Southern Water £176m penalty over 'sewage failings'
A water company could face a financial penalty of £176m for failings in customer services and managing sewerage systems, BBC South East has learned.
Regulator Ofwat has named Southern Water as an "underperformer" after discharges from sewage treatment works and flooding to properties.
Southern Water, which serves customers from east Kent to Hampshire, has an £806m annual turnover.
The company said it was in discussions with Ofwat over the proposed penalties.
A shortfall levy of £150m could be imposed on Southern Water for the "non compliant" discharges from sewage systems and flooding to properties caused by blockages since 2010, an Ofwat spokesman said.
This could be added to an adjustment to the company's revenue of £26m for poor customer service, he said.
Water bill 'reductions'
The Ofwat spokesman said: "We are currently in the process of setting prices for Southern Water over the next five years.
"As part of that process, we need to look at whether the company has delivered what customers have paid for over the last five years. We have challenged Southern and, in particular, still have questions over how they have operated their sewerage network and treatment works.
"We have therefore proposed clawing back money for customers, so they are protected."
He said the regulator was proposing that Southern's average bills would go down by 8.5% between 2015 and 2020, before inflation. A final decision will be made in December.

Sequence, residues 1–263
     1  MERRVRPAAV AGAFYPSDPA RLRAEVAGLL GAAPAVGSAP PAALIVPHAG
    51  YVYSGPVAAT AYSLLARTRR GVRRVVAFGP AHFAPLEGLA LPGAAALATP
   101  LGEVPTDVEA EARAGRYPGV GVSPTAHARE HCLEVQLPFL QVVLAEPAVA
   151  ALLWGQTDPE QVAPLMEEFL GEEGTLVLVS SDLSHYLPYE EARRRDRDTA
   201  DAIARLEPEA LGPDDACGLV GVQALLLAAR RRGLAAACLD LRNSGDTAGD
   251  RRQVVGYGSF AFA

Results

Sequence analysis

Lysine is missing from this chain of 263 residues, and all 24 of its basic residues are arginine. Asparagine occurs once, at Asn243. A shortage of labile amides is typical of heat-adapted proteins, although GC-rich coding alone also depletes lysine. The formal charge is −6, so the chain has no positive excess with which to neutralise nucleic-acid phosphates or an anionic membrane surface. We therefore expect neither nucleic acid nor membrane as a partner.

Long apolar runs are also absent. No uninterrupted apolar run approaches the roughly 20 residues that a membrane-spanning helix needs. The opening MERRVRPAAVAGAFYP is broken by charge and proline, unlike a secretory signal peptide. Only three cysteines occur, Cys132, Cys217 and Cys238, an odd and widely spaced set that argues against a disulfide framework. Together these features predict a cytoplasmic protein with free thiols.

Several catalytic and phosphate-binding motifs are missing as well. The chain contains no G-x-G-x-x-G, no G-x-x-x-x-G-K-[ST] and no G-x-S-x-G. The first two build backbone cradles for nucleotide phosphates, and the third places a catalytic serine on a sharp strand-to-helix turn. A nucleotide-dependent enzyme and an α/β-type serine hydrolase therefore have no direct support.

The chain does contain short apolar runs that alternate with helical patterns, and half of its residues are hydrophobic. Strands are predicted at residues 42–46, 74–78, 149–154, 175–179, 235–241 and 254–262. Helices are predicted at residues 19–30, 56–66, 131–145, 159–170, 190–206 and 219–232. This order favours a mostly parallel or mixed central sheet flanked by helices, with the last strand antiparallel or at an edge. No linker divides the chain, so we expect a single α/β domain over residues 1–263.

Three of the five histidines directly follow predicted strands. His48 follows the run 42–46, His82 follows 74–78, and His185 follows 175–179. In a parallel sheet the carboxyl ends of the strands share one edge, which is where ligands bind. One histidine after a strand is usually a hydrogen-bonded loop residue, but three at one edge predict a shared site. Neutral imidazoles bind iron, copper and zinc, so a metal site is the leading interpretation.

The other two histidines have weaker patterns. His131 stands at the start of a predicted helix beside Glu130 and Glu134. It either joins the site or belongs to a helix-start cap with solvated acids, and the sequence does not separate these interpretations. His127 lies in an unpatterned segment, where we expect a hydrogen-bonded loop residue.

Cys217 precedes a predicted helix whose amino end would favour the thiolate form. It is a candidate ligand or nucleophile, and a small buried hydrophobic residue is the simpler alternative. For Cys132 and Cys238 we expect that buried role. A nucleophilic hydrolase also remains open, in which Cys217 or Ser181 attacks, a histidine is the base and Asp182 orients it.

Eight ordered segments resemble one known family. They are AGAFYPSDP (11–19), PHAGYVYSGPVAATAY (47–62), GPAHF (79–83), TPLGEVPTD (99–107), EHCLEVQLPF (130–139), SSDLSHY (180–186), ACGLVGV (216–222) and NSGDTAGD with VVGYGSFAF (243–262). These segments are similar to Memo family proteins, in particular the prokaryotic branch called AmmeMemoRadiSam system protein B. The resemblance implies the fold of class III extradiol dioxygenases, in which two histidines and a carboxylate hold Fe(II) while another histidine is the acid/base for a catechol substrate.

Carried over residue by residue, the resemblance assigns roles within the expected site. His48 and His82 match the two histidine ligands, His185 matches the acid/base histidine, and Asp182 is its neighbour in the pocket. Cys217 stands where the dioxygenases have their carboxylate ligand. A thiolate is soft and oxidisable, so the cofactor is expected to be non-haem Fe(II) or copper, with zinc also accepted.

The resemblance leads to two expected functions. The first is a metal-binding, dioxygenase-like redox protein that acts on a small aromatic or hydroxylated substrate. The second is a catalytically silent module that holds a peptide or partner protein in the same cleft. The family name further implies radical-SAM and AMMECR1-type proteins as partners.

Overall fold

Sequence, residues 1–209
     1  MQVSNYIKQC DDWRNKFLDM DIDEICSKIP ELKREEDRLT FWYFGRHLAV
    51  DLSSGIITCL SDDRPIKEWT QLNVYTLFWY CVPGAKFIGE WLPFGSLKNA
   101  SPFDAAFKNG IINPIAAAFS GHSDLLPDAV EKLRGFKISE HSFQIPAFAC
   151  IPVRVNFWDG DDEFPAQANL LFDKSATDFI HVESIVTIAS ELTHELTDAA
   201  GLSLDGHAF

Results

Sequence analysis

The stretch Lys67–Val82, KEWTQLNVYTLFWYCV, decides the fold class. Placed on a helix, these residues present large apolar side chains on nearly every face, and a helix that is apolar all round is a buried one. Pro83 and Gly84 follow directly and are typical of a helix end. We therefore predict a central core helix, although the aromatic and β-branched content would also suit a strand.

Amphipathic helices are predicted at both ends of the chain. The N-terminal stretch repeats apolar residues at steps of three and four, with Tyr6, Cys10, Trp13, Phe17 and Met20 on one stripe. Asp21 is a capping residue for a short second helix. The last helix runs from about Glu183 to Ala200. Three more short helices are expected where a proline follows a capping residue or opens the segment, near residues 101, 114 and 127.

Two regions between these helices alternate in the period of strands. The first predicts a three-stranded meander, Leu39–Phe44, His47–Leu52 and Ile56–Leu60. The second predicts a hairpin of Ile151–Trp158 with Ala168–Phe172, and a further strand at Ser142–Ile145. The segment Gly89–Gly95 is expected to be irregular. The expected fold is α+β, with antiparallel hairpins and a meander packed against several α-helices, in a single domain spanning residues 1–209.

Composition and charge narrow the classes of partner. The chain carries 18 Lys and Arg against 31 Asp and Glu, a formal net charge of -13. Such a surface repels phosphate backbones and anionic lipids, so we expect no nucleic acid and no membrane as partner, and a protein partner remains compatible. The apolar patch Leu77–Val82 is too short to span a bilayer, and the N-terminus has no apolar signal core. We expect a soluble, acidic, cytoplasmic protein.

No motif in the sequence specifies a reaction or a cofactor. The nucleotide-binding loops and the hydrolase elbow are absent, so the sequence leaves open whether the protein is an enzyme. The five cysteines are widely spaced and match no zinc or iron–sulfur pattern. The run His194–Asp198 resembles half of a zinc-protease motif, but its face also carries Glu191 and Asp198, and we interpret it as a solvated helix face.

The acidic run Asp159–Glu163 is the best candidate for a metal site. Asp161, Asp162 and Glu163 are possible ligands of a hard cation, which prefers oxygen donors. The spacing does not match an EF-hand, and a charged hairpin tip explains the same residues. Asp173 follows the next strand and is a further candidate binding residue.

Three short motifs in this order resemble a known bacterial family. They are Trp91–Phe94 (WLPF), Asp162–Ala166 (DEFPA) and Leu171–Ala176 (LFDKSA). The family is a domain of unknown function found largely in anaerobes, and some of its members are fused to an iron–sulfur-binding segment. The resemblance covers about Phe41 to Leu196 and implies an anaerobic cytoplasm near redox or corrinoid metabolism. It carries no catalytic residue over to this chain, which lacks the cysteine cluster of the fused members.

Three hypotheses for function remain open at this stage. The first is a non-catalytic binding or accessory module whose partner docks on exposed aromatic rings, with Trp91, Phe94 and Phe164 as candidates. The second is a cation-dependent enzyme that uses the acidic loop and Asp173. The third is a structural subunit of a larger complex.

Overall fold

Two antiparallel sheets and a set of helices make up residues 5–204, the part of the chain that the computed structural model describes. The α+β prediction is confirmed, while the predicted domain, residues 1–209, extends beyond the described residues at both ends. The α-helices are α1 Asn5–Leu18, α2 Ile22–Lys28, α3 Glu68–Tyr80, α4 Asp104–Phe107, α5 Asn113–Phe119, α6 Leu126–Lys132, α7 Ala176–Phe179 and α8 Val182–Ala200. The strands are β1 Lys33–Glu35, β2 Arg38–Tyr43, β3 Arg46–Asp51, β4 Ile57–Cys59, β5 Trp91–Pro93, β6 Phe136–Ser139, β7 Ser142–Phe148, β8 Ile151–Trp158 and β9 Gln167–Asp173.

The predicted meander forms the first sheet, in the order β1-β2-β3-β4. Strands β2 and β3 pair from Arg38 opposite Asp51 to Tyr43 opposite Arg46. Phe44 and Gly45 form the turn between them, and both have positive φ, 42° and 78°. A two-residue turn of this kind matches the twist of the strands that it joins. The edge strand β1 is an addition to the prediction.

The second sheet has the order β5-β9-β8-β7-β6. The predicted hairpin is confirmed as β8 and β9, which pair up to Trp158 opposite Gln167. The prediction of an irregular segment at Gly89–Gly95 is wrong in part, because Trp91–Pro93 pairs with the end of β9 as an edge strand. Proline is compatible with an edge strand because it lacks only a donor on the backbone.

A shortfall levy is different to a fine, in that the company is forced make customer bills cheaper or shareholders have to put more money in to make up the deficit, Ofwat said.
The previous largest shortfall levy for a water company was £69m imposed on Northumbrian Water in 2009, the watchdog said.
A Southern Water spokesman said the regulator had responded positively to parts of the company's plans for 2015-2020.
"[Ofwat] details further areas for us to address, including the 'penalties' it is proposing, which relate to our operational and customer service performance since 2010," he said.
In August, beach-goers in Littlehampton were warned to avoid swimming after Southern Water pumped sewage into the sea following the failure of a valve at the West Sussex town's Sea Road pumping station.
In July swimmers were warned not to enter the sea at nine beaches around Thanet in Kent, following discharges from Southern Water pumping stations.
Southern Water said it had done nothing wrong by releasing storm water from its stations at Foreness Point and Broadstairs.
Thanet District Council previously warned swimmers about entering the sea in the area in May following a discharge of raw sewage.
In Monday the Consumer Council for Water announced that Southern Water had reported drops in complaint numbers but the company remained "too far adrift" of the rest of the industry.